These questions inform the foundation of KSCA, and to a degree they were gratified at its inception. When I first met with farmer Stuart Andrews and presented the idea that he might partner his Natural Sequence Farming project with a group of artists, he naturally wondered why we would be interested to work with him. It was nearly the first thing out of his mouth. He said up front, "I'm no artist" and I replied that we had approached him precisely because we considered him an artist. He was not long in proving us correct. The work he is engaged in on his property, Marloo, is an activity as essentially creative as anything performed in the studio. His method is experimental and material. Ideas are applied to the land, tested, and evolved. As with art, risk taking and failure are an essential part of the process. But it’s the way that Stuart talks about disseminating the technique and the body of knowledge it generates that reveals his affinity to what is more traditionally known as art.
Stuart thinks about language with the same passion that he thinks about the land. In contrast to the more oppositional approach of his father, Peter Andrews (who invented Natural Sequence Farming), Stuart often considers and works within the given parameters of existing culture, the language and policy landscape of the society he seeks to change. Rather than directly challenge the status quo to an unlikely duel, he works with the existant legal and linguistic landscape to gain approval for his method and demonstrate its value to government regulators, policy makers and other farmers. In other words he has adapted the principle of Natural Sequence Farming - that of working with the land instead of against it - to the arena of culture, changing the one as he would change the other. If this is not the work of an artist, then I don't know what the work of an artist is. In a sense, Stuart has anticipated the strategy underpinning our school of cultural adaptation, for what else are we doing when we take this existing word artist and stretch it over an object that does not conventionally carry its meaning?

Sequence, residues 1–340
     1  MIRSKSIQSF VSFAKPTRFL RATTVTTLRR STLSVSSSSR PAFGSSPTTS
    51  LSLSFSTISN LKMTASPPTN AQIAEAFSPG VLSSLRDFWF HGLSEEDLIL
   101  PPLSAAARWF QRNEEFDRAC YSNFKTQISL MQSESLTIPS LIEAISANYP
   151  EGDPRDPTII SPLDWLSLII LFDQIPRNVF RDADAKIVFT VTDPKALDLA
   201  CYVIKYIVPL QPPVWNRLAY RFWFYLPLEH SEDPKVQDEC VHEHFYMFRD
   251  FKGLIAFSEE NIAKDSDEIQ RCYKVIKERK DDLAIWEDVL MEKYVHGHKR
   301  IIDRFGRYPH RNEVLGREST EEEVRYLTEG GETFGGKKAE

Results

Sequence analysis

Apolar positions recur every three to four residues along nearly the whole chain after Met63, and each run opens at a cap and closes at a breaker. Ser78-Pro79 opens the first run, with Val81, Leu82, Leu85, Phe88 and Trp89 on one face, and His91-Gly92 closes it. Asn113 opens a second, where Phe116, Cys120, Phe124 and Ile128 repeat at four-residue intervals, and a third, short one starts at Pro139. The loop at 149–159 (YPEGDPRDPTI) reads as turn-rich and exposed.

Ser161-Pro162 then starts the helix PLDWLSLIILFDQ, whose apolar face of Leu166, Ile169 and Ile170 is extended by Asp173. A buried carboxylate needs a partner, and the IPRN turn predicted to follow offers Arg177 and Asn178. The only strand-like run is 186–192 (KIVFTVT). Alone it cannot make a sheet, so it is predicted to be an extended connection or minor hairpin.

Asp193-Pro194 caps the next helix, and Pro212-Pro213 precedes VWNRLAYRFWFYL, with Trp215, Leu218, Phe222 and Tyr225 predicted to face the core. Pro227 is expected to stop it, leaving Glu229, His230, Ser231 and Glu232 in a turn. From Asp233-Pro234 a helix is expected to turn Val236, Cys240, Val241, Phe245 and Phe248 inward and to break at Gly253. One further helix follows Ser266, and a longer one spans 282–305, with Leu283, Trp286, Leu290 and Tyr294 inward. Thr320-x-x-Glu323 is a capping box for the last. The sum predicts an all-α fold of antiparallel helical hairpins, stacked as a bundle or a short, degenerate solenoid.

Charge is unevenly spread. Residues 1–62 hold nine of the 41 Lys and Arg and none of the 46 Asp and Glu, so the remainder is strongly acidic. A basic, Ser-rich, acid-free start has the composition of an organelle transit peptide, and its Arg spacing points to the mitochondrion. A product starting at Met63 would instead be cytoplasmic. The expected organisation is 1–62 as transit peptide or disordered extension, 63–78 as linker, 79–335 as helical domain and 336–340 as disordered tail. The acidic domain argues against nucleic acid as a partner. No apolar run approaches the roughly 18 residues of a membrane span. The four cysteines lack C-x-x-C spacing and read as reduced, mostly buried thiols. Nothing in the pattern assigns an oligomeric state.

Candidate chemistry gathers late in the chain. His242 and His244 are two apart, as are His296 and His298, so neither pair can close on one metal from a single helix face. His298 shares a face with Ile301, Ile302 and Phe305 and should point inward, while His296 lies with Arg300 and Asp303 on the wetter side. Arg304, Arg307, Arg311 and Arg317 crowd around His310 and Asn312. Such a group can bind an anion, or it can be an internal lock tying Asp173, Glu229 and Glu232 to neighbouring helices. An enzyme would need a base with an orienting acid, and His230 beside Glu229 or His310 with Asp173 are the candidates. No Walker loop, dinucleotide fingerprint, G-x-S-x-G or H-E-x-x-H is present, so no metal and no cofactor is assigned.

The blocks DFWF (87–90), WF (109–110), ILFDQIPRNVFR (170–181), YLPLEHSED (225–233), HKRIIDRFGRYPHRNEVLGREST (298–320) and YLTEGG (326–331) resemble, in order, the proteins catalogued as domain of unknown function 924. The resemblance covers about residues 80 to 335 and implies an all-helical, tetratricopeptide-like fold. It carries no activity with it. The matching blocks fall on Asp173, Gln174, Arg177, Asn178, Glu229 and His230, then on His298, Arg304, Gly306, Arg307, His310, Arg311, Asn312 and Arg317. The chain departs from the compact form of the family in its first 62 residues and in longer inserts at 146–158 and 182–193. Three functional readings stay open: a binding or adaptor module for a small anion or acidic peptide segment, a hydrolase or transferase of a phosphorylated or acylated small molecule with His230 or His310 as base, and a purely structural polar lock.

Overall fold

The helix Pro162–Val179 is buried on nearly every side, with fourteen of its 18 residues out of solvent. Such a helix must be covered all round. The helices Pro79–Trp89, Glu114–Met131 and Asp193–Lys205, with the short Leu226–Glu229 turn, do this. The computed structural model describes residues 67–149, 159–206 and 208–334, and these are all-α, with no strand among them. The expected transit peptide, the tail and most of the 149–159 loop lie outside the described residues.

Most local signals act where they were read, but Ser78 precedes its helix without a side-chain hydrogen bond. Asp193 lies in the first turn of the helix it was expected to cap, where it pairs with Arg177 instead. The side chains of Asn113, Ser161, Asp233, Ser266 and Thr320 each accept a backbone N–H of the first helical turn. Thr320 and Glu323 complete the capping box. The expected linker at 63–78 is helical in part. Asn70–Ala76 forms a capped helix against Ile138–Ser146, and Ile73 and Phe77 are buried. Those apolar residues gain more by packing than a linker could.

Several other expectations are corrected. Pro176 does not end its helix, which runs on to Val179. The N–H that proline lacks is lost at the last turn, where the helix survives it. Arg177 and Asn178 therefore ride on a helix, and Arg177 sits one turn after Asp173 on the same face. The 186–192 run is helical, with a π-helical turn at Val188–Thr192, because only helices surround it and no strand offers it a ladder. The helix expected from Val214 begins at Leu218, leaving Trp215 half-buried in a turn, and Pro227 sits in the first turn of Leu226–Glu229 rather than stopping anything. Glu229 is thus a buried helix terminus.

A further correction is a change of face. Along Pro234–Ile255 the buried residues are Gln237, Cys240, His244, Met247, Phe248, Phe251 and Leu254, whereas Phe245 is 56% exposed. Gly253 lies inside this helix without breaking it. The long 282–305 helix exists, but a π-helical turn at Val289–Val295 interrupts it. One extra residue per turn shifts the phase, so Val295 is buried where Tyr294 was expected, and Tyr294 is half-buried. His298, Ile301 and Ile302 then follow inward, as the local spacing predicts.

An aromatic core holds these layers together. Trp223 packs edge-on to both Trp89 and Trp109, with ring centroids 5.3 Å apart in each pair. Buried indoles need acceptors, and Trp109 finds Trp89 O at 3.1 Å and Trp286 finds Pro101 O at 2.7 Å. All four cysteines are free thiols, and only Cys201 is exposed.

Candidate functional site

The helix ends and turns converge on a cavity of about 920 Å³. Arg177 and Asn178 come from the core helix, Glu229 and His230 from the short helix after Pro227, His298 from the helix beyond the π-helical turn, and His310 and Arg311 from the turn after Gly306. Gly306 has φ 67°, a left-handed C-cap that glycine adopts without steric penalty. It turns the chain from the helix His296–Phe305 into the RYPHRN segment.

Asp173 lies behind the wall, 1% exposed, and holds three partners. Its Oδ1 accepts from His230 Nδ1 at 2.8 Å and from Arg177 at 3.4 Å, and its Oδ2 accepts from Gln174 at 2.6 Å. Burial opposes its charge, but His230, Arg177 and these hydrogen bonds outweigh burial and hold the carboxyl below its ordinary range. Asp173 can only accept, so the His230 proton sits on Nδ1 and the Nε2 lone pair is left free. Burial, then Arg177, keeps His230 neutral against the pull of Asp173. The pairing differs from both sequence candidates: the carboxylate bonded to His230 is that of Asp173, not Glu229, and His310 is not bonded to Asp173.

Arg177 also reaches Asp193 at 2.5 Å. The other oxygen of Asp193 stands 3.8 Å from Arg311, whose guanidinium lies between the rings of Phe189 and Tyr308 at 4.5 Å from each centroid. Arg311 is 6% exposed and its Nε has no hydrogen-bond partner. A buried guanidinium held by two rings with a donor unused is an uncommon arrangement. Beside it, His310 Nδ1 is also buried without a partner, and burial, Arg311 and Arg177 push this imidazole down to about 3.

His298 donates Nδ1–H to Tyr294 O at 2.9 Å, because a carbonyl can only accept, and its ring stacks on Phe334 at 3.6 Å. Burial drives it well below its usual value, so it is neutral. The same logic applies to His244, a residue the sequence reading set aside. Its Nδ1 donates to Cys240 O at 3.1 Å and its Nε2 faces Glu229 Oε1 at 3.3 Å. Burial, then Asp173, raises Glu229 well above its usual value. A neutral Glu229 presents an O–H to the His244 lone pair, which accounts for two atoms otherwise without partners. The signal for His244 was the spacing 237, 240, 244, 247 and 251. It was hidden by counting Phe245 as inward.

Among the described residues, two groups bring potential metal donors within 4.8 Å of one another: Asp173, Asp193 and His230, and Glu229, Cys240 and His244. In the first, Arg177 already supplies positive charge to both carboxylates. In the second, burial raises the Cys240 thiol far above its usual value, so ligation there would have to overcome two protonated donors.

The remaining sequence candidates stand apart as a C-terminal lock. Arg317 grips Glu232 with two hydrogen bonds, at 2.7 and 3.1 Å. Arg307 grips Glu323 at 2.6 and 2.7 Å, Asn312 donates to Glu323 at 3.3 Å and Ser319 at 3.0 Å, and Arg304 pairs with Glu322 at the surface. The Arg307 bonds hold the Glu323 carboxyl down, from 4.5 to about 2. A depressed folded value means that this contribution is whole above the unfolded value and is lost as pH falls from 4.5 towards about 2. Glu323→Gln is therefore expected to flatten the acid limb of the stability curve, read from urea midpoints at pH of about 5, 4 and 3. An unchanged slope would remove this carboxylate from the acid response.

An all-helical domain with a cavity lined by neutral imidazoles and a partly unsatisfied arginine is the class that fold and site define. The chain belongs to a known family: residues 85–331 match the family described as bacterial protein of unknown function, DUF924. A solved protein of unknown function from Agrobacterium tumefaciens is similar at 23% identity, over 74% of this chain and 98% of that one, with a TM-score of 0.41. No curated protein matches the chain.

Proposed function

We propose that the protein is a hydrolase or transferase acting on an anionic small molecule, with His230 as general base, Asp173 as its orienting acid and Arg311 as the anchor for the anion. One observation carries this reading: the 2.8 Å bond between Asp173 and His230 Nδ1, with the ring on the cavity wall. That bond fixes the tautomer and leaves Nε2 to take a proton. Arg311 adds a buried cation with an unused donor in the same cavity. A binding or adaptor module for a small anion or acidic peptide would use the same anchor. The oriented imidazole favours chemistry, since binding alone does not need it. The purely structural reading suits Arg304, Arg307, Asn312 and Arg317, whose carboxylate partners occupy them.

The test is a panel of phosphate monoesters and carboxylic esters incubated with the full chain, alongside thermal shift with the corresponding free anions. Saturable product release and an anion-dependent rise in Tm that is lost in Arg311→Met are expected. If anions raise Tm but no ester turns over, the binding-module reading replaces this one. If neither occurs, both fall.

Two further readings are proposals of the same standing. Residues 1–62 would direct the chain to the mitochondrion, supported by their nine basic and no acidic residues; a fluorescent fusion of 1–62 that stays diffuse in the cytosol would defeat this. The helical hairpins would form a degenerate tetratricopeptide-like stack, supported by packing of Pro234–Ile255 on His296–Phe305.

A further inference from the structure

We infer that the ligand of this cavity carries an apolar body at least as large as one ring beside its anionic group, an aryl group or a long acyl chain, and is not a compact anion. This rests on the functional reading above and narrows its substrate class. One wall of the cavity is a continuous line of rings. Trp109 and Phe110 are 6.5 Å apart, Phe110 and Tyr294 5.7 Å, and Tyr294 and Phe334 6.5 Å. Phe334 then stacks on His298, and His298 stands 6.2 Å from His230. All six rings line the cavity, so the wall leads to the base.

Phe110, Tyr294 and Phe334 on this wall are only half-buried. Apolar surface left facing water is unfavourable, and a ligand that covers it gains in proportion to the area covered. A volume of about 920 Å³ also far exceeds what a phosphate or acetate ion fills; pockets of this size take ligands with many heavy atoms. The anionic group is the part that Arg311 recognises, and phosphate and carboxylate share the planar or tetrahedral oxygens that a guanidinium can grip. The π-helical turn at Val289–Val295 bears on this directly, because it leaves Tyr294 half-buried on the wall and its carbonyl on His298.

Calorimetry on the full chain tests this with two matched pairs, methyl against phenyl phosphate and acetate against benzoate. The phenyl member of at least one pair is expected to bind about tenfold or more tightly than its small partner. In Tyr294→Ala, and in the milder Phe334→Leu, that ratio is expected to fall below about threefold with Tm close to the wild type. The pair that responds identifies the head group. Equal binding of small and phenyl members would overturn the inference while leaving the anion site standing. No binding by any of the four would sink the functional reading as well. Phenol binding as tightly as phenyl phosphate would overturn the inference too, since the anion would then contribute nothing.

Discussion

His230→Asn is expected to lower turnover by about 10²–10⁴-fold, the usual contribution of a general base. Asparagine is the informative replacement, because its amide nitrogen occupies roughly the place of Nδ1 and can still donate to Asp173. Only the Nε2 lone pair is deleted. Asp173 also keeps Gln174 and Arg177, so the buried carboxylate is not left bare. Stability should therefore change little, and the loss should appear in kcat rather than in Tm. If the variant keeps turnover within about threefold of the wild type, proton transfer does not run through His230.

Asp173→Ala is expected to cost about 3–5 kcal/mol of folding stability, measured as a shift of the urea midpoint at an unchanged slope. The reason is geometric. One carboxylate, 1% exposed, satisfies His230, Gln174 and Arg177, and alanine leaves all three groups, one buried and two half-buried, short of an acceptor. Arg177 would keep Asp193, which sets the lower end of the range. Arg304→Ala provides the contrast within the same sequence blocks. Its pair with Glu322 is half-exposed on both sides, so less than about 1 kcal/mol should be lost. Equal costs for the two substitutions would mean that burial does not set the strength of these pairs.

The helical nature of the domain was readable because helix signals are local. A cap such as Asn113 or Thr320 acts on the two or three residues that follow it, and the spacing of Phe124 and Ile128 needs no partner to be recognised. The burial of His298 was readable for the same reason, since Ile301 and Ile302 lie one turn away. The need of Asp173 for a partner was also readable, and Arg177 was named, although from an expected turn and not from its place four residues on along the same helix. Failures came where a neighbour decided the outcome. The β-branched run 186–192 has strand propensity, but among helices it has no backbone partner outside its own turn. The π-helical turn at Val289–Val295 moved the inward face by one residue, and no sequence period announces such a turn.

How this concept of cultural adaptation will develop can only be discovered through its application to specific material and social contexts. Futurelands2, as our initial engagement, provided a forum through which artists served as hosts to a diverse range of perspectives on the human relationship to land. One of the successes of the forum was the diversity of voices that we managed to bring into dialogue, some of which were unavoidably in tension with each other. Land care is a contended field of endeavour with a long history of diverging horizons of concern, each with its own conceptual frame oriented by a particular relationship to land. At this point, it’s only an observation, but it occurred to me that perhaps what we had achieved at Futurelands2 was a moment of logical diversity, or logos diversity – a diversity of languages that coexisted in a relatively harmonious system of exchange and interdependency. Like all such systems, they include conflict and competition, but are also most healthy or productive when this diversity is held open to the multiform of exchange available to them.